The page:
Monitoring and Performance Tuning

Because Reporting Services uses everything from IIS to e-mail and the files system, there a lot of places to monitor and tune for performance.

Just like performance tuning in any major application, it is a matter of divide and conquer. The process I have explained in other chapters still holds: Detail the parts of the application, monitor for bottlenecks, determine the components within that part of the system, and tune for performance.

You can find many resources for monitoring from the client through the IIS layer, so I do not repeat those here. The important elements for performance within Reporting Services have more to do with the databases that it uses as well as the source databases and the Reporting Services connection to them.

For the source databases, you should follow two basic rules: Always use a separate database for reporting source data than the OLTP system, and optimize those databases for reads. That means a high fillfactor and a lot of indexes. The idea behind these concepts is to reduce contention and to allow the fastest access possible to the source data.

Make sure you have maintenance plans set up on both Reporting Services databases as well as the separate source database. Other than standard database tuning, you want to optimize the path between the Reporting Services servers and the source database. If you have split several Reporting Services servers to talk to a central catalog server, ensure the path is optimized between those systems, too.

You have several additional objects and counters available in Windows System Monitor (PerfMon) to watch the Reporting Services server. They are divided into the two mechanisms I mentioned at the beginning of the chapter: the Windows service and the Web service.

For the Web service, you can watch the following counters in the MSRS 2005 Web Service object. Cache objects show memory pressure, actions per second show the load on the server. The more times things are received directly from cache, the better.

Counter

Used to Show

Active Sessions

Active sessions; includes all browser sessions generated from report subscriptions, whether they are currently active or not.

Cache Hits/Sec

The number of requests for all cached reports.

Cache Misses/Sec

The number times that a report was not in cache.

First Session Requests/Sec

The number of new user sessions started from cache.

Memory Cache Hits/Sec

The number of times that reports are retrieved directly from memory cache.

Memory Cache Misses/Sec

Reports that could not be retrieved from the in-memory cache.

Next Session Requests/Sec

Reports that are opened in an existing session.

Report Requests

Reports that are active and being processed by the report server.

Reports Executed/Sec

Successful report executions.

Requests/Sec

All types of requests sent to the report server.

Total Cache Hits

Requests for reports from the cache since the service started.

Total Cache Misses

Report requests that were not in the cache since the service started.

Total Memory Cache Hits

Reports returned directly from memory cache since the service started.

Total Memory Cache Misses

Cache misses since the service started.

Total Processing Failures

Report processing failures since the service started.

Total Rejected Threads

Processing threads switched from asynchronous processing to synchronous, serial processes.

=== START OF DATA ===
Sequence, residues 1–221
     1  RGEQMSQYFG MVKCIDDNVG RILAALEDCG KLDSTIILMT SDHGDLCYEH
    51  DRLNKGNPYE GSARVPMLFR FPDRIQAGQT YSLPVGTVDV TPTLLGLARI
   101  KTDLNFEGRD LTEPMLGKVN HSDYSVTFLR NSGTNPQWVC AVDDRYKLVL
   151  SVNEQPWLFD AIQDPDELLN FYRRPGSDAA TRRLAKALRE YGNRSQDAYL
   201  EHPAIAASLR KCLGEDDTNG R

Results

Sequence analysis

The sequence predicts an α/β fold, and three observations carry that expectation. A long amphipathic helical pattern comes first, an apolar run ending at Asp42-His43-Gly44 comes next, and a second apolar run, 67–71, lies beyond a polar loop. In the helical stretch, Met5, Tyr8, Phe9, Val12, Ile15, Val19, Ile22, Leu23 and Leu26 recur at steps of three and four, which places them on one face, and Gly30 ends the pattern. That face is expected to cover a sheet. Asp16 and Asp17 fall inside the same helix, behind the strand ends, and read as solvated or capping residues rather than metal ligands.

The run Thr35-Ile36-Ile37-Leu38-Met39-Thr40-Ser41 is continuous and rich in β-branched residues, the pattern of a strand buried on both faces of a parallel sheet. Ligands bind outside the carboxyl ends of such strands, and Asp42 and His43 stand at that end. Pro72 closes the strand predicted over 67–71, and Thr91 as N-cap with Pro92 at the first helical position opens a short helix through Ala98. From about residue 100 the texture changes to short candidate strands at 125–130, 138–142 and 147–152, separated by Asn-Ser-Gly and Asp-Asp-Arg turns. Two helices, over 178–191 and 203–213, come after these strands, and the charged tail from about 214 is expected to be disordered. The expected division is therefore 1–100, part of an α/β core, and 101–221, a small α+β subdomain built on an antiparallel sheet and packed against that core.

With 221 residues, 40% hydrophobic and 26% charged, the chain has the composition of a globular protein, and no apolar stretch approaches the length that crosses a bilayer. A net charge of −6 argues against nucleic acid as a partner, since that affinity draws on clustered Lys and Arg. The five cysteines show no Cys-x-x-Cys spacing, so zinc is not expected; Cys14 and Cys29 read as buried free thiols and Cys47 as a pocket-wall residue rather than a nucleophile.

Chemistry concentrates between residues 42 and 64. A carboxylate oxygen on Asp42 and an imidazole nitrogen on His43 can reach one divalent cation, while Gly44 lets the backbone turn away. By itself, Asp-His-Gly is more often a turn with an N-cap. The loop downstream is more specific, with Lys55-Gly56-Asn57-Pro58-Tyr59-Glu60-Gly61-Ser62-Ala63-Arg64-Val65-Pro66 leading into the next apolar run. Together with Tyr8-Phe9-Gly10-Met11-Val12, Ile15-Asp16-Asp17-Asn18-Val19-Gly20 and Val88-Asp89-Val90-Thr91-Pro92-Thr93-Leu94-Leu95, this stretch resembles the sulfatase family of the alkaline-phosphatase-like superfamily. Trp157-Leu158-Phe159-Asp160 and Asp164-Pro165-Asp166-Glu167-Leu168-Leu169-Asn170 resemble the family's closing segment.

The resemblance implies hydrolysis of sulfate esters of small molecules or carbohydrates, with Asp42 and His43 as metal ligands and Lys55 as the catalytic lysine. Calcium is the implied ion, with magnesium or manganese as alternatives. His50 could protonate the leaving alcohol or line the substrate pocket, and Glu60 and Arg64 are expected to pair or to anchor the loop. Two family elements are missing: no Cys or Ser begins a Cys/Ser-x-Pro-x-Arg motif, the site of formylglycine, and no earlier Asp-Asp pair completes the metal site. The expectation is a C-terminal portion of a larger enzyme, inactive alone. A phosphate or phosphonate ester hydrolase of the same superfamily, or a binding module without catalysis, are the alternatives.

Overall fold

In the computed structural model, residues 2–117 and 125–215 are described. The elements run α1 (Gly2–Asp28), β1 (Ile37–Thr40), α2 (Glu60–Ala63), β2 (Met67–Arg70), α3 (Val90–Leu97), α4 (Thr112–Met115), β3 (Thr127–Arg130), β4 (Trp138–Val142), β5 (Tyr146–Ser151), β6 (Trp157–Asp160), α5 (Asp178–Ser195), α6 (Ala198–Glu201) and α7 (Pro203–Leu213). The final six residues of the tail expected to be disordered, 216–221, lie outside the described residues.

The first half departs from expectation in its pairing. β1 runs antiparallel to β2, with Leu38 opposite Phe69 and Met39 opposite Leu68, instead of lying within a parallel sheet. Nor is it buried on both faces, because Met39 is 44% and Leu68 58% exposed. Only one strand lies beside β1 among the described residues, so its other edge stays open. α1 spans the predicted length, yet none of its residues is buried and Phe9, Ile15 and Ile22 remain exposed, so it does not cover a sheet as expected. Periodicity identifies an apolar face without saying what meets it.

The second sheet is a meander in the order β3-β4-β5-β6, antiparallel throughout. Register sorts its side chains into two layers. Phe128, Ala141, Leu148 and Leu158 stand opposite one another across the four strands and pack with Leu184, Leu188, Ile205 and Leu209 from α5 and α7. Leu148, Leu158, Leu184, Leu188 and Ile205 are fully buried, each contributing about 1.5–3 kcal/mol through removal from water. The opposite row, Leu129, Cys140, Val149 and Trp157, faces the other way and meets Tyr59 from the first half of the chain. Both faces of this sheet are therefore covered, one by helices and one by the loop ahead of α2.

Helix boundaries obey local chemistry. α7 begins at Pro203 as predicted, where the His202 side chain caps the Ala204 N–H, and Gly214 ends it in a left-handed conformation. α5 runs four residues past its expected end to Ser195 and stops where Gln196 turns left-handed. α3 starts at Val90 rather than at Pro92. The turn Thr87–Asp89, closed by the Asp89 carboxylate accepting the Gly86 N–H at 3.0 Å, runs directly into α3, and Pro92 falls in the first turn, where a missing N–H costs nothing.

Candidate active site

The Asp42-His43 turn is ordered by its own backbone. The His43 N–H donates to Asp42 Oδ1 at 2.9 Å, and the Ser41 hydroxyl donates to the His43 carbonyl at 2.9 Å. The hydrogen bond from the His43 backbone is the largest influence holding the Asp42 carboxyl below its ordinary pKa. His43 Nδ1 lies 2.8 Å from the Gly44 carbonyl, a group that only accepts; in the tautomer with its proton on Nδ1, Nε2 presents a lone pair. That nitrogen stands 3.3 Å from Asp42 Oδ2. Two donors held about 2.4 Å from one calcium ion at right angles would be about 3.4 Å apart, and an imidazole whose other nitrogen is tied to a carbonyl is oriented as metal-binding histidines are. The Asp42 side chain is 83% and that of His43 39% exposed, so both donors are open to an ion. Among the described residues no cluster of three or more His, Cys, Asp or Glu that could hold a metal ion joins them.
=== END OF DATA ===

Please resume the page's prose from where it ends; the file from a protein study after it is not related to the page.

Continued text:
Total Reports Executed

Total number of reports that ran successfully since the service started.

Total Requests

Total number of all requests made to the report server since the service started.


This table shows the counters for the Windows service in the MSRS 2005 Windows Service object. The same logic holds true, activities per second show load and the cache objects show memory use. More items found in cache show proper memory sizing.

Counter

Used to Show

Active Sessions

Active sessions in the report server database.

Cache Flushes/Sec

Number of times the cache flushes.

Cache Hits/Sec

Requests for cached, re-rendered reports.

Cache Misses/Sec

Requests that fail to return the report from cache.

Delivers/Sec

Report deliveries from any extension.

Events/Sec

Events such as SnapshotUpdated and TimedSubscription that are processed.

Memory Cache Hits/Sec

Number of times reports are retrieved from in-memory cache.

Memory Cache Misses/Sec

Number of times that reports cannot be retrieved from in-memory cache.

Next Session Requests/Sec

Requests for reports that are open in a session.

Report Requests

Reports that are active and handled by the report server.

Reports Executed/Sec

Reports successfully generated.

Total App Domain Recycles

Application domain cycles since the service started.

Total Cache Flushes

Report server cache updates since the service started.

Total Cache Hits

Reports processed directly from memory cache since the service started.

Total Cache Misses

Reports not processed directly from memory cache since the service started.

Total Deliveries

Reports delivered for all extensions by the Scheduling and Delivery Processor.

Total Events

Events processed since the service started.

Total Memory Cache Hits

Cached reports returned directly from memory cache since the service started.

Total Memory Misses

Cache Cached reports returned directly from memory cache since the service started.

Total Processing Failures

Processing failures that have occurred since the service started.

Total Rejected Threads

Processing threads switched from asynchronous processing to synchronous, serial processes.

Total Reports Executed

Total number of reports that ran successfully since the service started.

Total Requests

Total number of all requests made to the report server since the service started.





 
ASPTreeView.com
 
Evaluation has ЧХ»¶БСexpired.
Info...